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Learning About Chronic Kidney Disease and Potassium

What is potassium?

Potassium is a mineral. It helps keep the right mix of fluids in your body. It also helps your nerves, muscles, and heart work properly.

How does chronic kidney disease affect potassium levels?

Healthy kidneys keep the right balance of minerals in your blood. This includes potassium.

If you have long-term (chronic) kidney disease, it is hard for your kidneys to control the amount of potassium in your blood. You may get too much potassium. This can be harmful.

In some cases, other medicines may make your body get rid of too much potassium. If this happens, you may need to take a potassium supplement.

How can you get the right amount of potassium in your diet?

You can learn how much potassium is in certain foods. Then you can control how much potassium you get in your diet.

Your doctor or dietitian can help you plan a diet that gives you the right amount of potassium. There is no diet that is right for everyone. Your diet will be based on how well your kidneys are working and whether you are on dialysis.

Your diet may change as your disease changes. See your doctor for regular testing. Testing helps you know when to change your diet. Your doctor or dietitian can help you do this.

Changing your diet can be hard. But it is very important to make the recommended changes. They will help you stay healthy for as long as possible.

What foods and products have potassium?

You can control the amount of potassium in your diet if you know which foods are low or high in potassium.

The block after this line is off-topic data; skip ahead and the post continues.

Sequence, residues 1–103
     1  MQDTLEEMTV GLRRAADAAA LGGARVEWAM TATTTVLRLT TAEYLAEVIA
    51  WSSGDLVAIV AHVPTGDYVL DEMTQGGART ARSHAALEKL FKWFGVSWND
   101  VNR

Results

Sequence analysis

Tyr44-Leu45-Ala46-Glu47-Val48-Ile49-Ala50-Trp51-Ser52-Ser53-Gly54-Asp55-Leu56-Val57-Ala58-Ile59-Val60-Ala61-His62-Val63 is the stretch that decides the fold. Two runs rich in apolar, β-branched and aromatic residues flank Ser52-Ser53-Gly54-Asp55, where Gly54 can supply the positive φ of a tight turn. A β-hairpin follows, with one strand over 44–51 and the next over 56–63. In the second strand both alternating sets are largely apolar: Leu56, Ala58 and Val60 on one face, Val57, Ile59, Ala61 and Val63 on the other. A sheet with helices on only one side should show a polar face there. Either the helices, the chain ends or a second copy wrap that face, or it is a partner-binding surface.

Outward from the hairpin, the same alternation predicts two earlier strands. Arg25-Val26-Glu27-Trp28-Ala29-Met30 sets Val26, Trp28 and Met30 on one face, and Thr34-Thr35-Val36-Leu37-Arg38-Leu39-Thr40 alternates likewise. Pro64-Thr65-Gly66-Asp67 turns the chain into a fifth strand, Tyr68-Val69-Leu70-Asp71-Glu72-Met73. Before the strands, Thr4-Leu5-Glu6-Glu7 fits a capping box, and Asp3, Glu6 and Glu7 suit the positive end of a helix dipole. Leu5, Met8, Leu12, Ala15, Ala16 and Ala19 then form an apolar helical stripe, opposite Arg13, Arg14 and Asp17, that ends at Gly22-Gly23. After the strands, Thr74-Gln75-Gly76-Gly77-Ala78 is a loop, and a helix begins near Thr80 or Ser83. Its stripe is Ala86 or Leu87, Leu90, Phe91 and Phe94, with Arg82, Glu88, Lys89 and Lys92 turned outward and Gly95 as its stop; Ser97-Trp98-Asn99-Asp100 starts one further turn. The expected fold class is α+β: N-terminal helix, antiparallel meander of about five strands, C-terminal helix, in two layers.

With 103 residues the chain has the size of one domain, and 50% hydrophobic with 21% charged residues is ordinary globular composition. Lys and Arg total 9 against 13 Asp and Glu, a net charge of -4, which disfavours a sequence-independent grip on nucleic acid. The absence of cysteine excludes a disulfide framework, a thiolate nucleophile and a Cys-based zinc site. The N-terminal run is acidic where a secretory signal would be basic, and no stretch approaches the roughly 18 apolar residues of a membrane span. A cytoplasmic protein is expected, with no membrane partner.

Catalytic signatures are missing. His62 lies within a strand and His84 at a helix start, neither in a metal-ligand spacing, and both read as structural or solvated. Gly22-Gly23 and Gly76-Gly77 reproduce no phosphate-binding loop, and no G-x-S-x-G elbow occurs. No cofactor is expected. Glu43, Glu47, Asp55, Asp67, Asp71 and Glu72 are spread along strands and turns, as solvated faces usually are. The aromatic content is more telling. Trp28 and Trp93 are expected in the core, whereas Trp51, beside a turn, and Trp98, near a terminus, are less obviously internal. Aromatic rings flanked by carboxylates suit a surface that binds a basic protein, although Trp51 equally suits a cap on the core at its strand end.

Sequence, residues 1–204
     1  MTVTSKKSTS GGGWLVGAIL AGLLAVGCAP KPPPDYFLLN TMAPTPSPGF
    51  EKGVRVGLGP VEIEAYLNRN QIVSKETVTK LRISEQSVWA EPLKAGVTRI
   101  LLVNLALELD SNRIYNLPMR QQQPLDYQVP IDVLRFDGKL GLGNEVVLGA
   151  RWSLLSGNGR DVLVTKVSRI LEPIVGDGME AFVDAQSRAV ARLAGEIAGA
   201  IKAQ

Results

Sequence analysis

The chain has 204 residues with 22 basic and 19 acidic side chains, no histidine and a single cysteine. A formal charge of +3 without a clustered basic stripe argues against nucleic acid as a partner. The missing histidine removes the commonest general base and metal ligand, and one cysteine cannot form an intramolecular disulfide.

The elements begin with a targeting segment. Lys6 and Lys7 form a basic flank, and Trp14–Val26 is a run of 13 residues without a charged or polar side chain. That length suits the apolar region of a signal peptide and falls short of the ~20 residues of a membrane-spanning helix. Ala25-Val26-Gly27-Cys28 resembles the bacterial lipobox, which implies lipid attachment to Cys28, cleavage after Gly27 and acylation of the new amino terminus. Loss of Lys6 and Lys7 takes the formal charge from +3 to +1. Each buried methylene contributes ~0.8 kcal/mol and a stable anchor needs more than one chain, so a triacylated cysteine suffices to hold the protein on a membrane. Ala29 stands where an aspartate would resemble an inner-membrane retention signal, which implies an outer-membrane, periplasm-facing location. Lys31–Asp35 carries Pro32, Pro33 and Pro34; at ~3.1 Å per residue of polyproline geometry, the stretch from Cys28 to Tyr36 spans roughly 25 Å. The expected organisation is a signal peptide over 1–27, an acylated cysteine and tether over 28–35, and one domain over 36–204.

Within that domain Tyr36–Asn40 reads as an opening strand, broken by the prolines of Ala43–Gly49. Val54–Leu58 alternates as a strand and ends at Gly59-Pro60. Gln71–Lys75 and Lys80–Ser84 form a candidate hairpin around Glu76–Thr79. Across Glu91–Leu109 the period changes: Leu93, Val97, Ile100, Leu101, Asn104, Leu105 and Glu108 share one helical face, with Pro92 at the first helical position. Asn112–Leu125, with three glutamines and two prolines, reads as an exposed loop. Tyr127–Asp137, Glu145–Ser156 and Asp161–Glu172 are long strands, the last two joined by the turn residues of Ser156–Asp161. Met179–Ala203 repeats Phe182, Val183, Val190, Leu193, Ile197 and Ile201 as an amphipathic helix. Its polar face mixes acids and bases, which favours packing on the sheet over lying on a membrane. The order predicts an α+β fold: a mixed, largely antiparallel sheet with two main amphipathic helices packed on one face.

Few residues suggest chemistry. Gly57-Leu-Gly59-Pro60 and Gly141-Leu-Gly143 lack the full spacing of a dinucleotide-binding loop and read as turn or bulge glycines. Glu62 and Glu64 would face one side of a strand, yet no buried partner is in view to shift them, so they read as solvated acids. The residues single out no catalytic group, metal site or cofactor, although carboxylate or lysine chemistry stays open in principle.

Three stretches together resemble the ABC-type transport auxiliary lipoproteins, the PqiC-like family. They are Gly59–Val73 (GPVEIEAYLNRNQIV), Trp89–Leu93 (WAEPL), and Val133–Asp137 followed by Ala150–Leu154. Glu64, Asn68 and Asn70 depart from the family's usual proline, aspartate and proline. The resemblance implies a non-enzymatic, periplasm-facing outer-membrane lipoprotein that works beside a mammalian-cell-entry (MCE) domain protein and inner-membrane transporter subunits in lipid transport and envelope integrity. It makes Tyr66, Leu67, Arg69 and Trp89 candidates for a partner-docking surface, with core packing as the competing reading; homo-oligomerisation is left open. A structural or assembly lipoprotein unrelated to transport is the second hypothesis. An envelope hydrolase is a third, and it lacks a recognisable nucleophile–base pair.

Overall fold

Foods low in potassium

  • Blueberries, apples, cherries, strawberries, watermelon, honeydew melon, and raspberries
  • White or brown rice, pasta, and noodles
  • Cucumbers, radishes, asparagus, carrots, cauliflower, peas, spaghetti squash, zucchini, and hummus
  • Tomatoes and tomato sauce can be lower in potassium if you eat less than ½ raw tomato or ¼ cup (60 mL) at a time

Foods high in potassium

  • Oranges, prunes, kiwi fruit, avocado, and bananas
  • Bok choy, butternut squash, cooked greens (such as spinach, Swiss chard, and beet greens), and potatoes
    • Tip to lower potassium: Peel potatoes and cut into small cubes or shred before boiling. Discard the water.
  • Whole grain breads and cereals
  • Avoid processed foods that have reduced salt. Many of these foods replace salt with potassium. Always check the ingredient list.
  • Foods higher in potassium that can be enjoyed in smaller amounts
    • Nuts and seeds. Limit to 2 tbsp (30 mL) per serving.
    • Prune juice. Limit to ¼ cup (60 mL) daily.
    • Dried beans and legumes (cooked). Limit to ½ cup (125 mL) a week.
    • Milk and yogurt. Limit all milk products to 1 cup (250 mL) daily.

Other products that may have potassium

  • Diet or protein drinks and diet bars often have potassium. It is also in sports drinks, such as Gatorade. These are meant to replace potassium you lose during exercise.
  • Do not use a salt substitute or "lite" salt without talking to your doctor first. These often are very high in potassium.
  • Avoid packaged foods that have potassium additives. See potassium and your kidney diet to learn more about potassium foods and additives.
  • Be sure to tell your doctor about any prescription or over-the-counter medicines you take. Some medicines can raise your level of potassium.
  • Learn more about eating well for chronic kidney disease.

Where can you learn more?

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